Aspects of disclosure
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In a recent case, the Court of Appeal distinguished clearly the clinician’s role in identifying the risks and complications inherent in an intervention from the patient’s role in deciding which risks she is willing to run. The distinction is important, since the patient’s choice may be influenced by considerations that are not ‘medical’.
Mrs Duce, 41, had presented in 2008 with gynaecological symptoms including lower back pain. She sought a total abdominal hysterectomy to resolve these. Her family doctor had noted her insistence, notwithstanding that this involved major surgery with associated risks. She wanted it ‘all taken away’. Gynaecologists initially recommended less invasive management of her symptoms, but in a review clinic three weeks later the patient again confirmed that she would not consider preliminary alternative treatments, only then to find they had failed.
In preparation for surgery, the risks and complications of total abdominal hysterectomy and bilateral salpingo-oophorectomy were disclosed, including the risk that the operation might not relieve the pains with which she presented. But the surgical registrar who dealt with the consent accepted that she would not in 2008 have disclosed that there was a risk of developing chronic and/or neuropathic pain as a result of the surgery. She would merely have warned of transient post operative pain.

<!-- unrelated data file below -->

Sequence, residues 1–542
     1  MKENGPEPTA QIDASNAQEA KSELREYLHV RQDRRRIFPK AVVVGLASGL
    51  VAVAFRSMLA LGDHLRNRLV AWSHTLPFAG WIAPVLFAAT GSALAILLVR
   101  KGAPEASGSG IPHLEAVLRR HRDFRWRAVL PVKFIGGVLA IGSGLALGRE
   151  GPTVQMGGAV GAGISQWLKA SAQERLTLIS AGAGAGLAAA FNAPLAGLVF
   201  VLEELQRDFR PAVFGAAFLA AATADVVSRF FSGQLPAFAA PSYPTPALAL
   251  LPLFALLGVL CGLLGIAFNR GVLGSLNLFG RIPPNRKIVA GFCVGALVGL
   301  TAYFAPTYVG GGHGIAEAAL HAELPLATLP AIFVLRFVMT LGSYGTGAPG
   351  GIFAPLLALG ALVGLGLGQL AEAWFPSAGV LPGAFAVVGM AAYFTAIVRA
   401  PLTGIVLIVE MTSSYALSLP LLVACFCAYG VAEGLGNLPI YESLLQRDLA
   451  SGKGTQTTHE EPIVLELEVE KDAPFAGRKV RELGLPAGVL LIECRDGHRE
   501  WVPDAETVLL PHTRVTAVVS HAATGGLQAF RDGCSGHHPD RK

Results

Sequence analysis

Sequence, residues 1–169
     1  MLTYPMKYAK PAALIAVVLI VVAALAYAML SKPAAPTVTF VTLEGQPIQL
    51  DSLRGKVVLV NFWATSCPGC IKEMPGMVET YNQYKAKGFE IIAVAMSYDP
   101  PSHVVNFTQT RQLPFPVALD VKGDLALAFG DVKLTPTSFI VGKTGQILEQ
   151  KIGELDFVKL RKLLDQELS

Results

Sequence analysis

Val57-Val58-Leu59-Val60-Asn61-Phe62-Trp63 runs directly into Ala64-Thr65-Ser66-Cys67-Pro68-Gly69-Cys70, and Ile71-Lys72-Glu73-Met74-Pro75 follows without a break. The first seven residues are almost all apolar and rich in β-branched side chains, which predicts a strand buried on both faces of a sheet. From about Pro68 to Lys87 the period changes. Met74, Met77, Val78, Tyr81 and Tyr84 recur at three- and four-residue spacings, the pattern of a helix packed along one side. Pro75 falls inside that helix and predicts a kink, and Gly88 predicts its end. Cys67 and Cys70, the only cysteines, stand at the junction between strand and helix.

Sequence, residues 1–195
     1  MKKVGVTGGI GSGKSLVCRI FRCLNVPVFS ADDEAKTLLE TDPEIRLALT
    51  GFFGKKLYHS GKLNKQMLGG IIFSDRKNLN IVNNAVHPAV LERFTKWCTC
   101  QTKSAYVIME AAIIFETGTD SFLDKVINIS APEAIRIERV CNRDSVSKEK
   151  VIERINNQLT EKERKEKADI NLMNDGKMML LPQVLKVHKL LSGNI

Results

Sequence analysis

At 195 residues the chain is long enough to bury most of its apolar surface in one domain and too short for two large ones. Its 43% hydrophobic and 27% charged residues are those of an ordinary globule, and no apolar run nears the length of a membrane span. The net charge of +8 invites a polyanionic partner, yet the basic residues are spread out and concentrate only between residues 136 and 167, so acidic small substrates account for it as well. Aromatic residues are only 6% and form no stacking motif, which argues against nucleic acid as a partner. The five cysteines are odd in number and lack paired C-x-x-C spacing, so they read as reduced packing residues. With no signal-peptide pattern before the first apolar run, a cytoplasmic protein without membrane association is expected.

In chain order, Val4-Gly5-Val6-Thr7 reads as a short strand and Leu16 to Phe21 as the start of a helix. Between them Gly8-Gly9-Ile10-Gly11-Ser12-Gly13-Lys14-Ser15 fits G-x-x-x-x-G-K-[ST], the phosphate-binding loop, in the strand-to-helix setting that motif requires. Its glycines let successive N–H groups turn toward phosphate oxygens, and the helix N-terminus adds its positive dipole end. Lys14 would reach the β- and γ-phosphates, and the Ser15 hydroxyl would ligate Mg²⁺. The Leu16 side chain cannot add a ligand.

Following surgery, Mrs Duce suffered abdominal wall pain that was ‘significantly different’ from her pre operative symptoms. Experts in pain management agreed that her subsequent course was consistent with chronic post-surgical pain. Mrs Duce claimed that if she had been warned of the risk of nerve damage and chronic post surgical pain, she would not have proceeded with the surgery.
The court heard that the Royal College of Obstetricians & Gynaecologists' guidance in 2009 (which it was agreed would cover best practice in 2008) recommended the disclosure of the likelihood of ‘...numbness, tingling or burning sensation around the scar…that could take weeks or months to resolve’. But the judge noted that neither chronic nor neuropathic pain was referred to in the guidance, and that the claimant and defending expert witnesses in gynaecology agreed that chronic post-surgical pain was not common knowledge amongst gynaecologists in 2008.
Accordingly, the court found that since the reasonable gynaecologist in 2008 would not have been aware of chronic post-surgical pain founded on nerve injury during total abdominal hysterectomy; there could not have been a duty to disclose that risk during the process of obtaining consent. For these reasons, amongst others, Mrs Duce’s claim was dismissed.
The case serves as a powerful reminder that the clinician must set out risks to which a reasonable person in the patient’s position would attach significance, or risks to which the doctor is or should be aware that the patient would be likely to attach significance. By contrast, it is only the patient who can then choose whether to run these risks. This choice is not one that a clinician can anticipate for the patient, since only the patient can bring into the consideration all other aspects of their life that may have a bearing on their decision.
But in the same breath, it is equally acknowledged by the courts that the task of identifying those risks which foreseeably result from an intervention is one for the clinician, in this case the gynaecologist. If, as in this case, the complication that crystallised was not at the time of disclosure for consent a recognised association of hysterectomy, it would have been unjust to expect the doctor to have mentioned it.
Department of clinical law, January 2019